And . . .
I learned to sit stoically while students described a bloody beating. I learned that children escape through windows and run for their lives. I learned to give no response when a young woman said she was raped at age 8. I learned that these students were resilient and resourceful and motivated far beyond what I could have ever imagined.
I learned that doors in life were truly opened for me. I had the normal teen angst. I was never beaten. Never raped. Never abandoned. Never starved.
I realized that we are the parents of kids in foster care because there is no “State of Oklahoma”; the state of Oklahoma is us. And due to lack of knowledge, the juggling of our own “stuff,” and sometimes to lack of concern, we have too often done a poor job of caring for our children, our orphans.
My job as a researcher is to ask questions. I struggled with being in a position that seemed to require I put my hands directly on the problem. All the reasons I “couldn’t” ran through my head. All the reasons others were more qualified were vividly apparent. I did not have a completely willing heart to do ALL that I was being asked to do.
Then came SALLT.
I learned that God does not call the qualified. He calls people like me. I learned that while I do not have a large community of like-minded people at the university, there are many who will reach in and support me – and that I needed to stay to be able to do what I was being called to do. In the first SALLT meeting, the facilitator Nathan said about assuming leadership, "I believe that you believe someone else is coming...and you are it. No one else is coming." Wham. That message felt specifically sent to me. We are here. And we must join the fight. Ourselves.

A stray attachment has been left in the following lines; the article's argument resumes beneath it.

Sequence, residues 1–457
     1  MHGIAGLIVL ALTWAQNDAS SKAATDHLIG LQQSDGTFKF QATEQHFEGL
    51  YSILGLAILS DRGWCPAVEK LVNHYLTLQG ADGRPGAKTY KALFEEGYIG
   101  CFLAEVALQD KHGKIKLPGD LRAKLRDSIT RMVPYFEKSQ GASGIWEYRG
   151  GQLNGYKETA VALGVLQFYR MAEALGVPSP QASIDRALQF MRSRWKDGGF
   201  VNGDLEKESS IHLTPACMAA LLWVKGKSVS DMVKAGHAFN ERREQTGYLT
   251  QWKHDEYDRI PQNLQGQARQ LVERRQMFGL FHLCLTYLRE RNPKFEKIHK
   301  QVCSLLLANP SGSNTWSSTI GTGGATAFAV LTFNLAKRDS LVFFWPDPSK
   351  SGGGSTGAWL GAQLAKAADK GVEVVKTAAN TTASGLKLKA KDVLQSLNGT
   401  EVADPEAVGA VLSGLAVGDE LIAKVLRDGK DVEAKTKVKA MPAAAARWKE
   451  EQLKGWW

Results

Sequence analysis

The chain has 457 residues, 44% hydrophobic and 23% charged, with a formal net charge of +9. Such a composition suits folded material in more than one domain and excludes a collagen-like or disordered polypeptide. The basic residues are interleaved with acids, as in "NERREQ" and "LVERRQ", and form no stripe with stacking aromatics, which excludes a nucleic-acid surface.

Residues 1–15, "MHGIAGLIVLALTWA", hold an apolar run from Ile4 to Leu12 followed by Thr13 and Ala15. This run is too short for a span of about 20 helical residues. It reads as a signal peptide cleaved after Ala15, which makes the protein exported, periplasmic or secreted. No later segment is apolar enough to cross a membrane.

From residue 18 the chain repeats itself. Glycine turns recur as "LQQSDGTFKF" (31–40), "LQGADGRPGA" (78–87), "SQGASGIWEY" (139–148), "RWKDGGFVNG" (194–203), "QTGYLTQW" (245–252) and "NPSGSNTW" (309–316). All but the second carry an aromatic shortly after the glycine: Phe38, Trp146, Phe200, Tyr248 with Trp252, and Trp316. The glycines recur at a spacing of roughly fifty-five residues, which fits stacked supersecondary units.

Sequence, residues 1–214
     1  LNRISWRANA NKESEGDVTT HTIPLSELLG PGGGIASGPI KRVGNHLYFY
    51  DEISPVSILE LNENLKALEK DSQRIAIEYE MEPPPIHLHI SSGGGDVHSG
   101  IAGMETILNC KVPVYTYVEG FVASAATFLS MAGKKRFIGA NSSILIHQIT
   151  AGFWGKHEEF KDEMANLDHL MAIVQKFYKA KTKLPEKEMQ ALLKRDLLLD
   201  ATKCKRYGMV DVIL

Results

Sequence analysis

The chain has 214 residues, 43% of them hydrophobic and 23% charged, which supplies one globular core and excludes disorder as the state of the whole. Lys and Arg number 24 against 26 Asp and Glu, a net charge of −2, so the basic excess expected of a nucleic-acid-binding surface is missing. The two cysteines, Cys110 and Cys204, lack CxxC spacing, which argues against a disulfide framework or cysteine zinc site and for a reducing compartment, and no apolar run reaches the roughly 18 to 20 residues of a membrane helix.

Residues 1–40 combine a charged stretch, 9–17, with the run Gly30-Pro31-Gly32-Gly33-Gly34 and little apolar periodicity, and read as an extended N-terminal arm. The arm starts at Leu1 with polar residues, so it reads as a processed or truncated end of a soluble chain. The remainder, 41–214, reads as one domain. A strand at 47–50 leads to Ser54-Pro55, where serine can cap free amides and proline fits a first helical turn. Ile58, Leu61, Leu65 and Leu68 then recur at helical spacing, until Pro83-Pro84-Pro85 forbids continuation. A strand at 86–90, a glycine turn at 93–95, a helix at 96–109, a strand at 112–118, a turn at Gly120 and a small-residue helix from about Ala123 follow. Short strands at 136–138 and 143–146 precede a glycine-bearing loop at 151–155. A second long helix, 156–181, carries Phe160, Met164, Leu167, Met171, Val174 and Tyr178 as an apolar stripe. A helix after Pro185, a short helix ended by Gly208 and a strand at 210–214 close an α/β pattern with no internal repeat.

One of the initiatives that resulted from my newly energized passion is R is for Thursday which addresses the needs through research and service of students who are foster care alumni college students. The title, R is for Thursday, came from the story of one of the foster alumni students who as a freshman, with no one to guide her and not wanting to ask questions, did not attend her Thursday classes because she did not know that the letter “R” on university schedules stood for Thursday. The name was chosen as a reminder of the types of problems we need to address.
R is for Thursday has become a statewide collaboration. This group of mostly “unqualified people” is making mistakes, regrouping, finding success and slowly finding our way. At a recent event five R is for Thursday students again told their very personal stories and I once again marveled what they have survived, but more so at what they have achieved ... and that we were allowed to be part of it.
Hearing those stories reaffirmed for me that we will, indeed, be equipped to handle what we are called for. Even when it isn’t our training, not our background, when we don’t have time or the energy; it is not ours to choose. It never has been. It is our duty to simply stand up and respond, “I will.”
An R is for Thursday Statewide Conversation will be July 17; for more information visit www.education.okstate.edu/RisforThursday.
Associate Professor of Educational Leadership
Oklahoma State University